NewsClick case: Delhi HC upholds judicial custody of NewsClick editor, HR manager
A single-judge bench upheld a trial court order remanding Prabir Purkayastha and Amit Chakravarty to judicial custody and held that the ground of arrest was conveyed to them
Delhi High Court on Friday dismissed the petitions filed by NewsClick founder-editor Prabir Purkayastha and human resources head Amit Chakravarty, challenging Delhi Police's custody under the controversial anti-terror Unlawful Activities (Prevention) Act (UAPA). The two are scheduled to be in judicial custody until 20 October.
Justice Tushar Rao Gadela rejected the plea saying there was no merit in the petitions challenging the trial court order remanding them to a week's police custody.
The court has not yet heard their plea seeking the quashing of the FIR registered against them, having said on 9 October that it would decide later if it should issue a notice and hear the prayer to quash the FIR under UAPA.
Purkayastha and Chakravarty were arrested by the Special Cell of the Delhi Police on 3 October after a series of raids, based on allegations that NewsClick had received funds from China to conduct Chinese propaganda. They were produced in court on 10 October, since they had already completed five days in police custody.
During the hearing, senior advocate Kapil Sibal, appearing for Purkayastha, said both the arrest and remand were illegal because they had not been given the grounds of arrest. On 9 October, Sibal argued that NewsClick had not received a single penny from China and all the charges mentioned in the FIR are false.
On Friday, Delhi High Court refused to interfere with the arrest and subsequent police remand of Purkayastha and Chakravarty, as Justice Gedela said there was no "procedural infirmity" or violation of legal or constitutional provisions in relation to the arrest and the remand order is sustainable in law.
The judge said the grounds of arrest needed to be "informed" to the arrestee within 24 hours and furnishing of such grounds in writing was not mandated by the UAPA.
The court, however, said it would be “advisable” that the police henceforth, provide grounds of arrest in writing after redacting “sensitive material”. “The petition, being devoid of any merit, along with pending applications, is dismissed,” said the court in its order passed on the petition by the news portal's founder.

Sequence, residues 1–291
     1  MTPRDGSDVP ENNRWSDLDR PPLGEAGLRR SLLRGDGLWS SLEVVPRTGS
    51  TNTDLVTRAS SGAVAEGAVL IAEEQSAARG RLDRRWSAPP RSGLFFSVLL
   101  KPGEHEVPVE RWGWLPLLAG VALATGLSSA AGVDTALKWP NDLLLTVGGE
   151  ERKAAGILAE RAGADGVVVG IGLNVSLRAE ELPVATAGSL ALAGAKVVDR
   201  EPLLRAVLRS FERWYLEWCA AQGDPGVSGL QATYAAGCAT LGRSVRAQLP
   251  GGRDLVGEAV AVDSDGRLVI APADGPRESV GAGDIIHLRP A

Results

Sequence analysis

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“After examining the entire issue in the right perspective, it appears as of now that the grounds of arrest were indeed conveyed to the petitioner, as soon as may be, after the arrest and as such, there does not appear to be any procedural infirmity or violation of the provisions of the Section 43B of the UAPA or the Article 22(1) of the Constitution of India and as such, the arrest are in accordance with law,” the court further stated.
The court noted that offences under the UAPA directly impact the stability, integrity and sovereignty of the country and are of utmost importance since they would affect the national security and grounds of arrest only need to be informed.
“Keeping in view the law laid down by the Supreme Court in (the case of) Pankaj Bansal (supra), and also considering the stringent provisions of UAPA, it would be advisable that the respondent, henceforth, provide grounds of arrest in writing, though after redacting what in the opinion of the respondent would constitute 'sensitive material'. This too would obviate, as held by the Supreme Court, any such challenge to the arrest as made in the present case,” the court, however, added.
With inputs from PTI